Silvopasture in the Northeast

Final Report for FNE03-484

Project Type: Farmer
Funds awarded in 2003: $6,243.00
Projected End Date: 12/31/2003
Region: Northeast
State: Massachusetts
Project Leader:
John O'Meara
O'Meara Family Farm
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Project Information


Note to readers, attached is the complete final report for FNE03-484

In general, this agroforestry project has convinced us that silvopasture should be an important part of our farm. Several wood products, including lumber and firewood, offer real potential for profit. With relatively little financial risk involved in normal development of a silvopasture, it seems that our farm should continue to devote our time to agroforestry. We produce and train teams of oxen with little or no capital investment- we harvest wood in winter, when other farm obligations are minimal.

This project has taught us that tamarack works particularly in a silvopasture setting, especially in a northern climate. A fast-growing, extremely hard tree adaptable to a wide variety of soils, tamarack produces durable and rot-resistant wood, which fetches a premium at local sawmills in our region. The cows both it less than other species and it produces a crop quickly. We would recommend it to other farmers considering a silvopasture project.
Black walnut also work particularly well in a silvopasture setting. Because of its value, it adds to the long-term viability of any project like the one conducted at O'Meara Family Farm. Its slower growth makes it a fit companion to tamarack or other species in silvopasture.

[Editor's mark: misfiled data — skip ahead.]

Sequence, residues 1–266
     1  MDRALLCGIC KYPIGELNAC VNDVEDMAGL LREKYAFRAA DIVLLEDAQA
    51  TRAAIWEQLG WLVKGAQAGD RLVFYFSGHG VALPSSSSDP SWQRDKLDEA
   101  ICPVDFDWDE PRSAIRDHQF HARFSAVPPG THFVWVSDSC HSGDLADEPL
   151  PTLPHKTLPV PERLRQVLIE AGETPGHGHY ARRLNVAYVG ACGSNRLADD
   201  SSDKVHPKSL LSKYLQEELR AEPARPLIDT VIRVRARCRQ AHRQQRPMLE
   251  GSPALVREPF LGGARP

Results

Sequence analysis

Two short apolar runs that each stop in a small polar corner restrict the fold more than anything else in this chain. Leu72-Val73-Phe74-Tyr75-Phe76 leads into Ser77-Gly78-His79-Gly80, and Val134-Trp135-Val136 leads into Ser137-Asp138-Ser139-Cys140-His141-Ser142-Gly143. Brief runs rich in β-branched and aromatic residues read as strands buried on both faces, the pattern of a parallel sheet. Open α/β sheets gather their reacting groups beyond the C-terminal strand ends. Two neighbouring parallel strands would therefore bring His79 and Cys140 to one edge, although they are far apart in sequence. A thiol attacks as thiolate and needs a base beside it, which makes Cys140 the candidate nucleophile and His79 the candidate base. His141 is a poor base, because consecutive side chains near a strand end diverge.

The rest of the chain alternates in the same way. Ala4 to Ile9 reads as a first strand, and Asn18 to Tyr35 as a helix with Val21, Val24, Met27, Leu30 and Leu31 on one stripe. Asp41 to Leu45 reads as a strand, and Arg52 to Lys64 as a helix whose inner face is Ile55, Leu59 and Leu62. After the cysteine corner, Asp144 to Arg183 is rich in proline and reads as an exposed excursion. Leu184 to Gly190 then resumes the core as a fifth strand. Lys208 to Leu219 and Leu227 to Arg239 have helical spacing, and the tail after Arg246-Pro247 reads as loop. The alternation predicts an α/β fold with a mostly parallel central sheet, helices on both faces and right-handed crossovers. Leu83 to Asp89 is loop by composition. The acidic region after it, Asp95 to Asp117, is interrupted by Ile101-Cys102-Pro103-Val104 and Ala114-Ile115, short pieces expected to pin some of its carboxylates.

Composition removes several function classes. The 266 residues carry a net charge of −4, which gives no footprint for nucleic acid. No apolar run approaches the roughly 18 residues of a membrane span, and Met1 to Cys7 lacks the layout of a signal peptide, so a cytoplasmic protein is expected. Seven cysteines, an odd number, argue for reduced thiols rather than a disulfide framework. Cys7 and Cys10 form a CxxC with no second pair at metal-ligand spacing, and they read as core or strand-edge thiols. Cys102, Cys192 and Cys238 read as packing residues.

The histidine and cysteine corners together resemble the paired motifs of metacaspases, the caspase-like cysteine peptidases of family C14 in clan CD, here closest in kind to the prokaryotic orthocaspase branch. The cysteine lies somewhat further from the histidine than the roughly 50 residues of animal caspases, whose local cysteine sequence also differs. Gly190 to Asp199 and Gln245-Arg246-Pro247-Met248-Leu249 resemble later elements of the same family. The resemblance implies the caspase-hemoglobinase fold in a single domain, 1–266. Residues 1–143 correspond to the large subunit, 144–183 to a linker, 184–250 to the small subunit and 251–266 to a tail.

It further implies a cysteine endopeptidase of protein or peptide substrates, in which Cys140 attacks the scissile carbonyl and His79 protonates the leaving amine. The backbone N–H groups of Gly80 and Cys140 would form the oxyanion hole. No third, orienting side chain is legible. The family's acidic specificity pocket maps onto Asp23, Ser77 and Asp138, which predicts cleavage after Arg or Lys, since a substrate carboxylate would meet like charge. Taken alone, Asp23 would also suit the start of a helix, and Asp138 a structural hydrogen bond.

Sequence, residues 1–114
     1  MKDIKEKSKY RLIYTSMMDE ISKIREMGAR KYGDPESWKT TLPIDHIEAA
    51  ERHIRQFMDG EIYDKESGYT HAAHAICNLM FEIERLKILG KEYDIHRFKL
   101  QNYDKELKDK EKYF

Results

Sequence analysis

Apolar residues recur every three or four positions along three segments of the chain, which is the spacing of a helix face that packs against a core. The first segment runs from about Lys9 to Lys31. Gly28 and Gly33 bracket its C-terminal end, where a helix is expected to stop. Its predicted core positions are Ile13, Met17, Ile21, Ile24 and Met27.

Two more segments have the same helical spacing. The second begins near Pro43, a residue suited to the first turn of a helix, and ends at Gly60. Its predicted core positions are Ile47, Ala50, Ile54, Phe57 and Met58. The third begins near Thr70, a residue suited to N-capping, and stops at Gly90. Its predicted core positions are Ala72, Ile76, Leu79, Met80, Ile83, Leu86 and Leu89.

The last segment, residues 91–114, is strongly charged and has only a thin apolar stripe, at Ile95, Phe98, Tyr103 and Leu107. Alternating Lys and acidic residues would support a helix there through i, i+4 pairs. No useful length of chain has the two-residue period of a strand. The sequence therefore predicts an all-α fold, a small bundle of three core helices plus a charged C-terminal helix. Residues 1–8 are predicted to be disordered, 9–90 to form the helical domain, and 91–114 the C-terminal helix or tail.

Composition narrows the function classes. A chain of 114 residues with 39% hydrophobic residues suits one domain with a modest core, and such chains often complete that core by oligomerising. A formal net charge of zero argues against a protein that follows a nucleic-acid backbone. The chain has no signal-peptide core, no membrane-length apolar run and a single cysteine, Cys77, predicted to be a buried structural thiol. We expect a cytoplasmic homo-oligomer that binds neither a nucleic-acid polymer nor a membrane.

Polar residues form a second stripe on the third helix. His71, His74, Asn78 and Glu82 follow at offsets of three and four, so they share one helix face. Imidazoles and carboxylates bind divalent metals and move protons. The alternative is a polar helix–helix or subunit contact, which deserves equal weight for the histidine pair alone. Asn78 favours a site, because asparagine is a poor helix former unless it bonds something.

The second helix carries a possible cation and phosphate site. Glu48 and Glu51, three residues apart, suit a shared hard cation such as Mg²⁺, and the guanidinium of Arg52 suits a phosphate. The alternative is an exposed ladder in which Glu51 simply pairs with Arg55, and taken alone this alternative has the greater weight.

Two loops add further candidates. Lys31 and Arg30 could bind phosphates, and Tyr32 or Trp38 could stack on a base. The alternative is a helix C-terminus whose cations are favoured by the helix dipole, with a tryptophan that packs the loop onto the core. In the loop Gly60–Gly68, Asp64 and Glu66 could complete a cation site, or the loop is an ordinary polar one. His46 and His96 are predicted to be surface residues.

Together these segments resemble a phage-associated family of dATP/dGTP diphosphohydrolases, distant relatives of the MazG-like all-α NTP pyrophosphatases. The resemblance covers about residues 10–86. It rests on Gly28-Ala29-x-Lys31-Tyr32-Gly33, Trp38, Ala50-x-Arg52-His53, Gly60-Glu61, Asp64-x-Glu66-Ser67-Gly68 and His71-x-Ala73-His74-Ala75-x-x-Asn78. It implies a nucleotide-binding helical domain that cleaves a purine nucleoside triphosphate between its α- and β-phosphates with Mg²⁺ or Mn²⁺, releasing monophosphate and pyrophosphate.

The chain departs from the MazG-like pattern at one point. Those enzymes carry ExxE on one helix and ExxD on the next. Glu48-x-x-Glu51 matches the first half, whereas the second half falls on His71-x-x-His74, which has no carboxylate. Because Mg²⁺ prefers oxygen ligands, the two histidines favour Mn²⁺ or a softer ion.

Another key advantage to silvopasture on our farm has been its function as shelter for our animals. Because of the rotational grazing scheme in place on our farm, the cows have access to a section of silvopasture most of the grazing season. This has been an invaluable asset during not infrequent inclement weather. The cows take shelter when they need it in the silvopasture areas.

Overall, the silvopasture project meshes well with our long-term goal of continuing to build up our small dairy herd. It is a project that would function well on any livestock farm, but fits particularly well with a low-input dairy farm such as ours. Whereas many woodlots in our neighborhood are over harvested, we feel that ours is improving in value and profitability of our diverse farm.


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  • James Fownes


Participation Summary
Any opinions, findings, conclusions, or recommendations expressed in this publication are those of the author(s) and do not necessarily reflect the view of the U.S. Department of Agriculture or SARE.